March 2011: nuclear plant is badly damaged by earthquake and tsunami, leading to a meltdown and explosions. Chris Huhne, the UK's energy secretary, commissions an urgent review into the safety of proposals for new nuclear in the UK.
May 2011: A Government review following the meltdown at Japan's Fukushima Daiichi backs the new nuclear programme, but recommends further safety measures.
October 2011: EDF submits 55,000-page planning application for Hinkley Point to the Planning Inspectorate.
February 2012: Initial preparatory works begin at the Hinkley Point site.
May 2012: Ed Davey, the energy secretary, confirms that talks have begun with EDF over the Hinkley Point deal.
Under Government proposals EDF will be awarded a fixed "strike price", guaranteeing it a certain price for each unit of power.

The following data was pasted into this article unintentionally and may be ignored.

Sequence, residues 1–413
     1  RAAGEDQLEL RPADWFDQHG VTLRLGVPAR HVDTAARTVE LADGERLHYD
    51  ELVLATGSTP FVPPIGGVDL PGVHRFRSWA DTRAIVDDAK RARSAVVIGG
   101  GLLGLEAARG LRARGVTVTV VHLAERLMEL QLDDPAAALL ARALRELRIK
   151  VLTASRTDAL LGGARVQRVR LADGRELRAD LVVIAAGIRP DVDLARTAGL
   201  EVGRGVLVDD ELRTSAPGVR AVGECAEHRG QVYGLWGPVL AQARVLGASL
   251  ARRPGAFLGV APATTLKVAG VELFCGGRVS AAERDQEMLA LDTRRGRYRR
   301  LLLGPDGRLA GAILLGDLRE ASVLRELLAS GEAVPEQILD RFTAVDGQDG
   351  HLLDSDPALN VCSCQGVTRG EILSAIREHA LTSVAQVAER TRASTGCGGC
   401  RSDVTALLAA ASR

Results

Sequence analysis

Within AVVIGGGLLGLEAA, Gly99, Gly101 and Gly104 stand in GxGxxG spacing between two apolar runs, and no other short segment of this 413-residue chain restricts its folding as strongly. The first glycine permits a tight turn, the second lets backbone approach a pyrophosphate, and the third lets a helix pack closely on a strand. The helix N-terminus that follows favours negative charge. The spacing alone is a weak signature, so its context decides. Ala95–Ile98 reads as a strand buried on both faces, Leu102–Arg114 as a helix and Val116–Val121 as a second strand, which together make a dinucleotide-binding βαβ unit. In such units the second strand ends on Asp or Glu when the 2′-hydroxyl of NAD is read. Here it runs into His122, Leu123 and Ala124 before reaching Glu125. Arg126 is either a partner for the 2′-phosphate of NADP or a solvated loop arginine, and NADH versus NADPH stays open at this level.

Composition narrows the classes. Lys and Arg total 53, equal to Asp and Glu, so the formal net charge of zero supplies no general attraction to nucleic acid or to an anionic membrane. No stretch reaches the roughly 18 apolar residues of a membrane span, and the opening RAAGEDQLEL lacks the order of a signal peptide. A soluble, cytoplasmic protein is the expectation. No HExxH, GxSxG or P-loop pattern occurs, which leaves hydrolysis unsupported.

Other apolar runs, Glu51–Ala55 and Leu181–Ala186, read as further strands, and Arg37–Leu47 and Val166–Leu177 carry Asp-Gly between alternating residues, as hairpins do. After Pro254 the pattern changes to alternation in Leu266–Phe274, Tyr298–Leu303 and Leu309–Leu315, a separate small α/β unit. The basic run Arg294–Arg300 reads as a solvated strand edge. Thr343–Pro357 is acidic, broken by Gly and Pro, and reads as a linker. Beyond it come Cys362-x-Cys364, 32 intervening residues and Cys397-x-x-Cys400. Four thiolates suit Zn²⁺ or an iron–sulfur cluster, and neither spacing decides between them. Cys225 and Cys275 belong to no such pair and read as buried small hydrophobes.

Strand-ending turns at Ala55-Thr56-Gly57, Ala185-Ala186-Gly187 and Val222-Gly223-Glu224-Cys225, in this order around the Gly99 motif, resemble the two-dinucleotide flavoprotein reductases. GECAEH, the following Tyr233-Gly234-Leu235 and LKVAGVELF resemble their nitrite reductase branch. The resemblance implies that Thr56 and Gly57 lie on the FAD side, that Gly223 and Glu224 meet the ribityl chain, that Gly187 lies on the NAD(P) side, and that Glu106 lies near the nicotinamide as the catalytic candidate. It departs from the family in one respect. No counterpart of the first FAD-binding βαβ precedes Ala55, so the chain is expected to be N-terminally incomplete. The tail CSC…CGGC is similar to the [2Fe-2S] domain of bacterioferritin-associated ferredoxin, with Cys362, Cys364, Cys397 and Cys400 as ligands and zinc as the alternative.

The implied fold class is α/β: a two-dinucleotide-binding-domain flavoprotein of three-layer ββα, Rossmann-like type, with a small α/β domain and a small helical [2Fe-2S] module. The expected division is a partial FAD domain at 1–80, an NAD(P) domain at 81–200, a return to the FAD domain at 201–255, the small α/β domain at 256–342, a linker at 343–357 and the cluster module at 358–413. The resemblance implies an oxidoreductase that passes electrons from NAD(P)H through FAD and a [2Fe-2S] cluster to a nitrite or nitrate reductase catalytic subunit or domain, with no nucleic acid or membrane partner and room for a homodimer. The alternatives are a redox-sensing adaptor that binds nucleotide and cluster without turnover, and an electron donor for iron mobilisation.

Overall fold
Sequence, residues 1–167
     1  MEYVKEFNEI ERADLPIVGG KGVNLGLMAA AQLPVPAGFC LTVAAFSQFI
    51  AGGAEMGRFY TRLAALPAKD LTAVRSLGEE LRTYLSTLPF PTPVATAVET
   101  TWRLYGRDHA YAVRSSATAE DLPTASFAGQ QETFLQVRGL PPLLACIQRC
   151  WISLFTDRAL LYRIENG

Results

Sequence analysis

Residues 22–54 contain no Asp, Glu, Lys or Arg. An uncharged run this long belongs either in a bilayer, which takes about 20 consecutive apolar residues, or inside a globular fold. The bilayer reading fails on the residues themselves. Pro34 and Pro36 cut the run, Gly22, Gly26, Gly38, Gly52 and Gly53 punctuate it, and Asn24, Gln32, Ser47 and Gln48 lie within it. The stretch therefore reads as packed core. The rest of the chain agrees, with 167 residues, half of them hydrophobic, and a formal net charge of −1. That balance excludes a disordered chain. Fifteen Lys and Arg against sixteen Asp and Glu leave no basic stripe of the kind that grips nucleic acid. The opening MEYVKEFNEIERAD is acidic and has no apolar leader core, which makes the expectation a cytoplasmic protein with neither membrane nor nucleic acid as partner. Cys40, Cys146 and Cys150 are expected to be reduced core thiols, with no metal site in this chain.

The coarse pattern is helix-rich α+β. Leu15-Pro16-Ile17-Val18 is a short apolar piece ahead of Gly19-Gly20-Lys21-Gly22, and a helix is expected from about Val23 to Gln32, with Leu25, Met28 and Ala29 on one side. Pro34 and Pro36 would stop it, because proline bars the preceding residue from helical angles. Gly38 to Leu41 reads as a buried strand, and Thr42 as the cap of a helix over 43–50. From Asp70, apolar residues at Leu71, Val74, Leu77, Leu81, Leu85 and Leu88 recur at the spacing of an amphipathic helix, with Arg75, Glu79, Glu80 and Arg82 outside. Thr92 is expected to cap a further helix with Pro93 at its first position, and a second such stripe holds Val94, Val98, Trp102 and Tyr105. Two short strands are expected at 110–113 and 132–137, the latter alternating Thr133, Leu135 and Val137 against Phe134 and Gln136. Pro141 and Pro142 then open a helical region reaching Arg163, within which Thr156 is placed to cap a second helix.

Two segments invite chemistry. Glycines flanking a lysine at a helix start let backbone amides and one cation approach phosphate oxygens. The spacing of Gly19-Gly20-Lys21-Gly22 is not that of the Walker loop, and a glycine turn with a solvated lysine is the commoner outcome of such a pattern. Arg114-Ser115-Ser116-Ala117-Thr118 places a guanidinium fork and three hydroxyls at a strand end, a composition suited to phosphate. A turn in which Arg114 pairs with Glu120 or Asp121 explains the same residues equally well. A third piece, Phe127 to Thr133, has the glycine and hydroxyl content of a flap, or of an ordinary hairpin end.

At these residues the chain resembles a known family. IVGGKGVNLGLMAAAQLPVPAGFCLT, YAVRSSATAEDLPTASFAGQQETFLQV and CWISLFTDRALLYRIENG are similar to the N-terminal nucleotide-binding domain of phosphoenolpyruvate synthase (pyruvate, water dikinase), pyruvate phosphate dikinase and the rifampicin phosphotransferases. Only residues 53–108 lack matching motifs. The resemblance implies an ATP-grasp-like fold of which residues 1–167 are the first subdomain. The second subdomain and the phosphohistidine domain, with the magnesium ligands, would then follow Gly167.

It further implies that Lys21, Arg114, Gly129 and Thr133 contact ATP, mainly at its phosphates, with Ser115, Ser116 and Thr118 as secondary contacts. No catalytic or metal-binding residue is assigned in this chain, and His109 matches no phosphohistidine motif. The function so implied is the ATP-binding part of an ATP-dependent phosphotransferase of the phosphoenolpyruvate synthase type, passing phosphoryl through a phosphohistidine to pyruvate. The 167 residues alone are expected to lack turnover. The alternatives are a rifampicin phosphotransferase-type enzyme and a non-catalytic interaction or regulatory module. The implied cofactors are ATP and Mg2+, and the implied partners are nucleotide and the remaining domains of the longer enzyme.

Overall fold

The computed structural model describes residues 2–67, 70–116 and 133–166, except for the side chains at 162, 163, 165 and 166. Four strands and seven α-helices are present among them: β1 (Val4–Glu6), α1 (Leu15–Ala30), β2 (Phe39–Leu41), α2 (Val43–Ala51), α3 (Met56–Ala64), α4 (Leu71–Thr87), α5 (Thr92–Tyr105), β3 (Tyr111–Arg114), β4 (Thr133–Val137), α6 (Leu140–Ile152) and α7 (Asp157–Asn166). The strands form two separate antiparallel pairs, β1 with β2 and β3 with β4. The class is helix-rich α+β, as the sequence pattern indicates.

February 2013: British Gas-owner Centrica pulls out of new nuclear plans, citing delays and increased costs.
October 2013: Government agrees a provisional deal with deal, but receives criticism over spiralling cost that have now reached £16 billion.
The Government agrees EDF should receive a guaranteed strike price of £92.50 – twice the market price of electricity over a 35-year period.
EDF announces plans to retain a 45pc to 50% stake in the Hinkley Point project. Reactor-maker Areva will take 10%, Chinese groups China General Nuclear Corporation and China National Nuclear Corporation will take a combined 35p% to 40% interest, with other parties taking up to 15%.
EDF says that Hinkley will now not produce its first power until 2023, subject to taking a final investment decision in July 2014.
May 2014: EDF begins the second stage of works at the Hinkley Point site including building roundabouts and construction roads.
March 2015: EDF insists Areva taking a 10% stake in Hinkley Point is reactor-maker is "not existential" as the reactor-maker runs into financial difficulties.
September 2015: The chancellor George Osborne has said he remains "pretty confident" about the future of the controversial Hinkley Point C nuclear power station "still in negotiations" with joint investors EDF and China General Nuclear Corporation and China National Nuclear Corporation.